Ex-Google exec describes 4 top dangers of artificial intelligence

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Ex-Google exec describes 4 top dangers of artificial intelligence

California’s Senate last week advanced a bill that would force Amazon (AMZN) to reveal details behind the productivity-tracking algorithm used in its warehouses; meanwhile, Facebook (FB) this week faced criticism over a Wall Street Journal report finding it knows its Instagram feed makes some teenage girls feel worse about themselves.

These developments make up a backlash not necessarily against big tech, so much as its algorithms, which use artificial intelligence (AI) to adapt performance for individual users or employees.

In a new interview, AI expert Kai-Fu Lee — who worked as an executive at Google (GOOGGOOGL), Apple (AAPL), and Microsoft (MSFT) — explained the top four dangers of burgeoning AI technology: externalities, personal data risks, inability to explain consequential choices, and warfare.

“The single largest danger is autonomous weapons,” he says.

“That’s when AI can be trained to kill, and more specifically trained to assassinate,” adds Lee, the co-author of a new book entitled “AI 2041: Ten Visions for Our Future.” “Imagine a drone that can fly itself and seek specific people out either with facial recognition or cell signals or whatever.”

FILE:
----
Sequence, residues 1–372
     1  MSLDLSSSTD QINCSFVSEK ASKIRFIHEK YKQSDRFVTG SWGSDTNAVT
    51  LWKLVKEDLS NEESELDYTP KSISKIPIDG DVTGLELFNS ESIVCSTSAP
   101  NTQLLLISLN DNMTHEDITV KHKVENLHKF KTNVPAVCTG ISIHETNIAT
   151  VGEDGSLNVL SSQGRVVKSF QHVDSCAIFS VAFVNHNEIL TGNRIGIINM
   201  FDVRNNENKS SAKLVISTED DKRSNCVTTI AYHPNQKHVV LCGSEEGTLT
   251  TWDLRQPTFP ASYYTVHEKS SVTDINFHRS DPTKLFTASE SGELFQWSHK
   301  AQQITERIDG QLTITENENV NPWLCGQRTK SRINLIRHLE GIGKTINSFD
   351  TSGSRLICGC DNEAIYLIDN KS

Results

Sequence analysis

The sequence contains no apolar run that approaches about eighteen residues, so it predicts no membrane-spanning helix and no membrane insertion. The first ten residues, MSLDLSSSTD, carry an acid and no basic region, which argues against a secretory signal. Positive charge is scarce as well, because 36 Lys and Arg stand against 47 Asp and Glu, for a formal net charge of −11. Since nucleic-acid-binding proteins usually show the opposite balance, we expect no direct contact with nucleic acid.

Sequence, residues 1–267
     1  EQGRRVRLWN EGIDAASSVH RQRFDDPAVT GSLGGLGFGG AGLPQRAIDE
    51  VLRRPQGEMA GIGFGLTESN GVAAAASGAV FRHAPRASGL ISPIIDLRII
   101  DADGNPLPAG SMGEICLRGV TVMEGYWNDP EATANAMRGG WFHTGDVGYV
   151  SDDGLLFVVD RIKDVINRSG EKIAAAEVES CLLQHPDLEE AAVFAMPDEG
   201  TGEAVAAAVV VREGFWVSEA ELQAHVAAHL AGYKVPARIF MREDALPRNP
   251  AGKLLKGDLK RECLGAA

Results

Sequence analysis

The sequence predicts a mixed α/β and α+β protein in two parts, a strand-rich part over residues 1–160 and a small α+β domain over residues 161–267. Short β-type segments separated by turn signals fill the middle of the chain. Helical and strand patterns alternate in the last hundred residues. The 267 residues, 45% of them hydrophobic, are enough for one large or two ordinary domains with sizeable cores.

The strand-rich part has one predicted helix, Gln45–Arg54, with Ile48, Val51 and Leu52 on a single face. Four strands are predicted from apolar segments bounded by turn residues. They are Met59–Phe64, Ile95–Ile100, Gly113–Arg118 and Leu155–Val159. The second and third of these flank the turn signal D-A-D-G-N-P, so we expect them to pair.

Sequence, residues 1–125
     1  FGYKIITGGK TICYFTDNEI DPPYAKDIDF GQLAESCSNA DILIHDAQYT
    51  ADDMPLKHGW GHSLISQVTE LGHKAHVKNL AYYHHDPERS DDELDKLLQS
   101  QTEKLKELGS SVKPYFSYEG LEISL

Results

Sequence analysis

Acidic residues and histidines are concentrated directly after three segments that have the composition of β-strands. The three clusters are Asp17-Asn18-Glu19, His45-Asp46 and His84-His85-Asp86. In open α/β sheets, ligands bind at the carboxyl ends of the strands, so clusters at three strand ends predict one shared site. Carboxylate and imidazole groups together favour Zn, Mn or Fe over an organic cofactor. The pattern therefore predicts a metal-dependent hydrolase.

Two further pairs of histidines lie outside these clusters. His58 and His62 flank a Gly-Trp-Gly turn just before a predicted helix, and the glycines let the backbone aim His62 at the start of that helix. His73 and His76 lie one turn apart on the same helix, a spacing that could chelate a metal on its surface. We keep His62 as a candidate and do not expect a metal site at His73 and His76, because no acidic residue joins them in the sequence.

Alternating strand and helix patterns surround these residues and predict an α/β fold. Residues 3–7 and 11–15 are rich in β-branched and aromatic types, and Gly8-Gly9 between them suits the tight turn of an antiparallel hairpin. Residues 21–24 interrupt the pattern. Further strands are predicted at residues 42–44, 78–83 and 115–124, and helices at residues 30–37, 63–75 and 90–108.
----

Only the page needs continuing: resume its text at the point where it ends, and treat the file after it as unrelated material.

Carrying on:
‘It changes the future of warfare’

A ban on autonomous weapons has drawn support from 30 countries, though an in-depth report commissioned by Congress advised the U.S. to oppose a ban, since it could prevent the country from using weapons already in its possession.

In 2015, prominent figures in tech like Tesla CEO Elon Musk and Apple co-founder Steve Wozniak, as well as thousands of AI researchers, signed an open letter calling for a ban on such weapons.

Autonomous weapons will transform warfare since their affordability and precision will make it easier to wreak havoc and near-impossible to identify who committed the crime, Lee said.

“I think that changes the future of terrorism, because no longer are terrorists potentially losing their lives to do something bad,” he says. “It also allows a terrorist group to use 10,000 of these drones to perform something as terrible as genocide,” he says.